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DALLAS-Cushman & Wakefield of Texas Inc., rolling out its third quarter numbers, sees promise in an industrial sector that’s made a positive quarterly showing for the first time in a year while acknowledging there are still months of gloom overshadowing the office market in Dallas/Fort Worth.

“Historically, industrial has always been our leader out,” Rick Hughes, C&W’s senior director in Dallas, tells GlobeSt.com. What’s happened in the past, though, might not happen this time around. He says the office market gains that historically follow an industrial uptick by four to six months might not play out this time due to the “jobless recovery” that has a grip on Texas and many other US metros.

If good news is to be found in the Q3 office analysis, it’s that “we’re losing less blood today than we were losing before,” Hughes says. “It’s better than it was.” The reality is more companies are making office space decisions; new companies are forming from the ranks of the unemployed; and Dallas/Fort Worth is still on the radar screen as a relocation portal for all the same reasons as years past.

The overall vacancy ranking has six of 16 office submarkets now above the 30% mark versus one in third quarter 2002. Direct vacancy, though, has just two submarkets pushing above 30%. Sublease stands at 6.9 million sf or one million sf less than a year ago due to a shift on the books to direct availability.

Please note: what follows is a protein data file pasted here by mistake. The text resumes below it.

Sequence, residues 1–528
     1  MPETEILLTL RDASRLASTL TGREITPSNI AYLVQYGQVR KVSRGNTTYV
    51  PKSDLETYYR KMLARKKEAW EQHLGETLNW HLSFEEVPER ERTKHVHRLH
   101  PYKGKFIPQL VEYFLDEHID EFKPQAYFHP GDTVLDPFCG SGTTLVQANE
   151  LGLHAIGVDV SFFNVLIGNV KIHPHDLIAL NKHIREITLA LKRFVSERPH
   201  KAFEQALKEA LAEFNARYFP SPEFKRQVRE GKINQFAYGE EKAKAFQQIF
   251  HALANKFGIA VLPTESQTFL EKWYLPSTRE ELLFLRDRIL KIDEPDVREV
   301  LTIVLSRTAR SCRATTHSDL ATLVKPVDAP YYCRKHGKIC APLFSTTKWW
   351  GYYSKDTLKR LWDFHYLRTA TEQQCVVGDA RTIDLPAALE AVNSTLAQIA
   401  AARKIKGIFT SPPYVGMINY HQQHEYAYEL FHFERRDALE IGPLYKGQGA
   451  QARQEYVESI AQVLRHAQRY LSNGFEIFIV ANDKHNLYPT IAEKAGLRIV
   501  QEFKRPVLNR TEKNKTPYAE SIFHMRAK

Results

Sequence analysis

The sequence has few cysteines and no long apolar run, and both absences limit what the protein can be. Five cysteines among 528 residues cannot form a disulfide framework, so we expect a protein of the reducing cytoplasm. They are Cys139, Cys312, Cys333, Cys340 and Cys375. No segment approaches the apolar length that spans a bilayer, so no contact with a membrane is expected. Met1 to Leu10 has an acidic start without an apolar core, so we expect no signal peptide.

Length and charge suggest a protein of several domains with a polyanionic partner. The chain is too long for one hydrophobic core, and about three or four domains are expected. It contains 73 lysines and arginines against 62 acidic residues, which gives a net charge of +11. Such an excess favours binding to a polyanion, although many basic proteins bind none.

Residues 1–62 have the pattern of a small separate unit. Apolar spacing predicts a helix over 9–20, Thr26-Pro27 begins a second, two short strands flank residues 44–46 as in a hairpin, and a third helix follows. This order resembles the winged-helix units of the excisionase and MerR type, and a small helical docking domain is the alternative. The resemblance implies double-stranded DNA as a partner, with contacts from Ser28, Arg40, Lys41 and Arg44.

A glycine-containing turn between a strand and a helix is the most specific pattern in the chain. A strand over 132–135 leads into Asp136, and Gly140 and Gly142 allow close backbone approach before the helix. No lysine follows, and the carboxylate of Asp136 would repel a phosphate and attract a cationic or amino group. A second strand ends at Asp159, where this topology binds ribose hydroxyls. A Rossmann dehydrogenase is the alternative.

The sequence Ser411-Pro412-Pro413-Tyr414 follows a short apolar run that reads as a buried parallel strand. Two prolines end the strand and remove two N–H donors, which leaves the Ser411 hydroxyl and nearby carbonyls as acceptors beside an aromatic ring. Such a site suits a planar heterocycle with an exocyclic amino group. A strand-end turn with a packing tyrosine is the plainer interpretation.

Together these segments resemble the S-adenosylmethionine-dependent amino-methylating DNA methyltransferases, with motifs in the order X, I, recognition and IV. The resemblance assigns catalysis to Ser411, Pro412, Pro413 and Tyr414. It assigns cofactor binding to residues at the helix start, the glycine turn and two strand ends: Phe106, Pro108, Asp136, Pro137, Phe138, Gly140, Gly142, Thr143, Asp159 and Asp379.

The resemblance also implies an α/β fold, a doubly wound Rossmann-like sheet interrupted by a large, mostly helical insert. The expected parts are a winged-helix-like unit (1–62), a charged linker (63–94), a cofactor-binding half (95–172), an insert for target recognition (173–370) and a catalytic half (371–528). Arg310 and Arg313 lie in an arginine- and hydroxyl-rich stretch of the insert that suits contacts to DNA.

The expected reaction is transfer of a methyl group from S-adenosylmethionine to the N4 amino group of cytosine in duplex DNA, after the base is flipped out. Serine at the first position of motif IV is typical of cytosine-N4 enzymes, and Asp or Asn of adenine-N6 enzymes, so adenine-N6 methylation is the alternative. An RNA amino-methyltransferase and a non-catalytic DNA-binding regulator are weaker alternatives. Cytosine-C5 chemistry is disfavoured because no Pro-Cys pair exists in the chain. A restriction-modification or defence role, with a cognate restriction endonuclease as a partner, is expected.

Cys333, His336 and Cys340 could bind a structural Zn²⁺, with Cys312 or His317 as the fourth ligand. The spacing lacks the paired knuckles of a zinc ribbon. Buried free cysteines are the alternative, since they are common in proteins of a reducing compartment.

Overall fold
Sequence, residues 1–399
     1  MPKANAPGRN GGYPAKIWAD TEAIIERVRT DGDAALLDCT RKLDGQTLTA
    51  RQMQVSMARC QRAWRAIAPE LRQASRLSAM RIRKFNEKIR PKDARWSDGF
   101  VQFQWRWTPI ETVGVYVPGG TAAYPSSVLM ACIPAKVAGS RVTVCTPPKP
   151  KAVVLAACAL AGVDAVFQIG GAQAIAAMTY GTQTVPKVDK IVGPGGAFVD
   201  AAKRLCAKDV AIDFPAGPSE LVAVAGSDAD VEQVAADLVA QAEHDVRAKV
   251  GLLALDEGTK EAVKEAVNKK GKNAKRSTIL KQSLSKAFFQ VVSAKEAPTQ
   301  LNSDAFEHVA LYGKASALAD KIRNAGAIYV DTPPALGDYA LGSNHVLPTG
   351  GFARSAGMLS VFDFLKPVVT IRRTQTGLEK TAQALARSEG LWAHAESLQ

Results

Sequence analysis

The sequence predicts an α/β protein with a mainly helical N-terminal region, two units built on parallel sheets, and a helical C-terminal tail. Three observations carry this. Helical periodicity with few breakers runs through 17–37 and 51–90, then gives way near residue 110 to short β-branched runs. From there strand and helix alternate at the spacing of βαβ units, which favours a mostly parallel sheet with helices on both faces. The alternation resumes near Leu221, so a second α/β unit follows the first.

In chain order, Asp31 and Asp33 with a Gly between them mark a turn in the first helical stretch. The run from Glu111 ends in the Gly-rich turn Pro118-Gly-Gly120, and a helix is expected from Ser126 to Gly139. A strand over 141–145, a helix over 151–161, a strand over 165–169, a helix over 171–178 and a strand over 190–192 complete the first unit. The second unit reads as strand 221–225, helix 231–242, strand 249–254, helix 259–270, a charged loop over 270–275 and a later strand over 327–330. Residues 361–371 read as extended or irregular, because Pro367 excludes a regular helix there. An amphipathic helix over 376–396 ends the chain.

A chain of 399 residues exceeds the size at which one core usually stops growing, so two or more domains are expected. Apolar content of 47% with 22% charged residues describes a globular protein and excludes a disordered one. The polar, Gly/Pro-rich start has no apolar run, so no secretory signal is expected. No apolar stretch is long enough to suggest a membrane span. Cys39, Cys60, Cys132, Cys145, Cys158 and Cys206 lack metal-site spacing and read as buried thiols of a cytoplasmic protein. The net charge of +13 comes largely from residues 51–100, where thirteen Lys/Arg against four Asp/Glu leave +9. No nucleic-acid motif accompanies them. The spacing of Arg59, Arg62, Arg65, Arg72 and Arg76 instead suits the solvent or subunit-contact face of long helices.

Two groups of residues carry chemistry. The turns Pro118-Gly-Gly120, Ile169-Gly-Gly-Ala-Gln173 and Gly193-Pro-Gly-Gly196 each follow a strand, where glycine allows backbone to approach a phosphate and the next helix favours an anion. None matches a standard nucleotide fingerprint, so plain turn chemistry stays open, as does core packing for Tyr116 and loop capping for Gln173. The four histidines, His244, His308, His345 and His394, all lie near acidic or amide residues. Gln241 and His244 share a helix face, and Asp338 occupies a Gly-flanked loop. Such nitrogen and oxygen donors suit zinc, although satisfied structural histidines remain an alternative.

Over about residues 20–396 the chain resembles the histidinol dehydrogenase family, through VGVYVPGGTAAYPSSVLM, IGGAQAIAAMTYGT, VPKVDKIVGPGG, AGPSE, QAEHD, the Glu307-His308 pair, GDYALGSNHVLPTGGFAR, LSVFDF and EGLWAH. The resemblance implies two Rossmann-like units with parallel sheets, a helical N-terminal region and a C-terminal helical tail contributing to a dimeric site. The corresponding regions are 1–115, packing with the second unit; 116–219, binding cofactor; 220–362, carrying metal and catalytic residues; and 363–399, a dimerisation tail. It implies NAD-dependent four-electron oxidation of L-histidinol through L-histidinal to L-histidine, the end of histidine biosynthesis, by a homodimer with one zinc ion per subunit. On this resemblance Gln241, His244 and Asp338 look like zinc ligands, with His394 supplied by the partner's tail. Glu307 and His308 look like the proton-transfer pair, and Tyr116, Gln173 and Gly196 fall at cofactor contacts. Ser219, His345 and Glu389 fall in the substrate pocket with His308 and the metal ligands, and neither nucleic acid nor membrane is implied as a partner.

To cut to the quick, the Dallas CBD’s 29.4-million-sf inventory has an overall vacancy of 30.5%, up 1.7% from a year ago, whereas the direct vacancy stood at 29.6% at the Q3 close versus 27.2% last year. The direct weighted rental rate is $17.18 per sf; it was $17.46 per sf in 2002.

In the suburban markets, overall vacancy goes from an 11.7% low in Preston Center to a 40.2% high in Far North Stemmons. The direct space accounting has Preston Center at the low end, 10.3%, and Far North Stemmons tipping the scale at 39.4%. Non-CBD rents, based on quotes, range from $12.03 per sf in Southwest Dallas to $22.59 per sf in Preston Center.

The metroplex, year to date, is battling a 3.6-million-sf backslide on the office absorption barometer, about 500,000 sf higher than last year’s Q3 total. There’s also an uncalculated quantity, and undoubtedly a large amount, of phantom office space out in the market.

In sharp contrast, the industrial sector gained 781,000 sf in the third quarter although the sector’s year-to-date is still riding at 2.1 million sf in the red and about 1.1 million sf higher than last year’s total. Industrial vacancy is resting overall at 14.1%, up 1.3% from a year ago. Direct vacancy was 12.2% at the Q3 close in comparison to 11.1% at this time last year. The third-quarter rent range is $3.60 per sf to $8.48 per sf. In 2002, it was $3.84 per sf to $8.67 per sf.

Hughes says there are no dynamics prevalent in the marketplace to indicate it will get worse, just like there’s no definitive cause that it’s going to get better in the near term. But, there are signs, several positive ones, pointing the region in the direction of a recovery, including talk of some large relocations to the region.

“Our analysis indicates the Dallas economy is turning around,” Elizabeth Trocchio, C&W’s senior managing director and area leader in Dallas, says in a press release. “We are optimistic that the overall market has begun what, in all likelihood, will be an uphill climb.

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